Table of contents

About this book


A major re-examination of Habsburg decision-making from 1912 to July 1914, the study argues that Austria-Hungary and not Germany made the crucial decisions for war in the summer of 1914. Based on extensive new archival research, the book traces the gradual militarization of Austro-Hungarian foreign policy during the Balkan Wars. The disasters of those wars and the death of the Archduke Franz Ferdinand, the heir-apparent and a force for peace in the monarchy, convinced the Habsburg elite that only a war against Serbia would end the South Slav threat to the monarchy's existence. Williamson also describes Russia's assertive foreign policy after 1912 and stresses the unique linkages of domestic and foreign policy in almost every issue faced by Habsburg statesmen.


Austria Entente First World War Hungary monarchy peace Russia

About the authors

SAMUEL R. WILLIAMSON, Jr is President and Vice-Chancellor of The University of the South, Sewanee, and a member of the International Institute for Strategic Studies. His study The Politics of Grand Strategy: Britain and France Prepare for War, 1904-1914 (1969) won the George Louis Beer Prixe of the American Historical Association, and he has published widely on the origins of the First World War.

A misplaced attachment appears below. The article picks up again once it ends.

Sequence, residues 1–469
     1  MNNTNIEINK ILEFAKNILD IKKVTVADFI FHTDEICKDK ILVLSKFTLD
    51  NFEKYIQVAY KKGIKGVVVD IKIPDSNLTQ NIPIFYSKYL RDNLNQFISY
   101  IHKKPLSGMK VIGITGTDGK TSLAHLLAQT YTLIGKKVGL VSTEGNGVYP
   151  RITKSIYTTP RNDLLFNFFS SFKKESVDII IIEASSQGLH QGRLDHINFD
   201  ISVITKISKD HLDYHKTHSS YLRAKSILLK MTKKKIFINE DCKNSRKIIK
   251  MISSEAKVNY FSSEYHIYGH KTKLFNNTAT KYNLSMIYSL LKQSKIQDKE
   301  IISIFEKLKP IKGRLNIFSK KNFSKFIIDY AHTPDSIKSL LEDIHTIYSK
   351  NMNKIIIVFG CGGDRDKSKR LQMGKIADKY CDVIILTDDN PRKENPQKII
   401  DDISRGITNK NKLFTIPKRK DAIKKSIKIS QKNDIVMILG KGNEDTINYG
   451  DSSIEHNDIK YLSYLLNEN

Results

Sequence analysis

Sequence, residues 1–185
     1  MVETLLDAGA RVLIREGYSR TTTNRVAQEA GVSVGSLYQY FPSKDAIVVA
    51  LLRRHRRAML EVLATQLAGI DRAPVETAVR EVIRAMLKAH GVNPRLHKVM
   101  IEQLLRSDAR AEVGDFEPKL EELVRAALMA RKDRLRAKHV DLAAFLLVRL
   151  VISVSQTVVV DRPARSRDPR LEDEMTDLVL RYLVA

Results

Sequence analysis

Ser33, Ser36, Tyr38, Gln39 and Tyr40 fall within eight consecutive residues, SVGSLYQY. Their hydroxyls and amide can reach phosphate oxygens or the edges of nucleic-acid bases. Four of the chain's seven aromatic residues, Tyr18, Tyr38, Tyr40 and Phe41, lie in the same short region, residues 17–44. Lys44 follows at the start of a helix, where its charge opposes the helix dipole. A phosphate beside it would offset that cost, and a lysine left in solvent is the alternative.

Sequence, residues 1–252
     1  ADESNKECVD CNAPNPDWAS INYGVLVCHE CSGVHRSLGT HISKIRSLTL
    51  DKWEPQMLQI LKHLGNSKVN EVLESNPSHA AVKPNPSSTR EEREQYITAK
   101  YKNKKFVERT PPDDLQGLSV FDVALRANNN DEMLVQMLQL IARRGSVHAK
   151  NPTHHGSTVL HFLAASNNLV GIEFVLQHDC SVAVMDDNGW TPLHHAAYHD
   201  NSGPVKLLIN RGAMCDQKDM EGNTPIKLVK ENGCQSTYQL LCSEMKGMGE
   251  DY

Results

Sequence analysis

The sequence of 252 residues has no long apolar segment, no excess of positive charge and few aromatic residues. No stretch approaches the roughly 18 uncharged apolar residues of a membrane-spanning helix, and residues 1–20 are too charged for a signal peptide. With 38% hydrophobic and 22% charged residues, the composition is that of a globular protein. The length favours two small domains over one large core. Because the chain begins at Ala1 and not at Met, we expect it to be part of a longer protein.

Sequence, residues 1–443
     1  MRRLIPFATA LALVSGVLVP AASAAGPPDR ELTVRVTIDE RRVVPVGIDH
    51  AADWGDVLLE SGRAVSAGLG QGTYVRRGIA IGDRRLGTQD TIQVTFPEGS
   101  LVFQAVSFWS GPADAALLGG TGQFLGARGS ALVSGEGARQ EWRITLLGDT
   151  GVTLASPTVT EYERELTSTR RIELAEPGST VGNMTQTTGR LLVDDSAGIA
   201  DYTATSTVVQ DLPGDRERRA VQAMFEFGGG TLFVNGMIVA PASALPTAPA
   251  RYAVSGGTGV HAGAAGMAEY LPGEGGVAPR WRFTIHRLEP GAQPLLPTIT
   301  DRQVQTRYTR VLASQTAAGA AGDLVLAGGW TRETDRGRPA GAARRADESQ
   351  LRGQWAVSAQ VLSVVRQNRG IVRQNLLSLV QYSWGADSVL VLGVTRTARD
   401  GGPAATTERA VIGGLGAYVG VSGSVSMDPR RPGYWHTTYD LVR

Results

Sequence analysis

Bibliographic information

  • Book Title Austria-Hungary and the Origins of the First World War
  • Authors Samuel R. Williamson Jr
  • Series Title The Making of the 20th Century
  • DOI
  • Copyright Information Macmillan Publishers Limited 1991
  • Publisher Name Palgrave, London
  • eBook Packages Palgrave History Collection History (R0)
  • Hardcover ISBN 978-0-333-42080-5
  • Softcover ISBN 978-0-333-42081-2
  • eBook ISBN 978-1-349-21163-0
  • Edition Number 1
  • Number of Pages XVIII, 290
  • Number of Illustrations 0 b/w illustrations, 0 illustrations in colour
  • Additional Information Previously published under the imprint Palgrave
  • Topics European History
  • Buy this book on publisher's site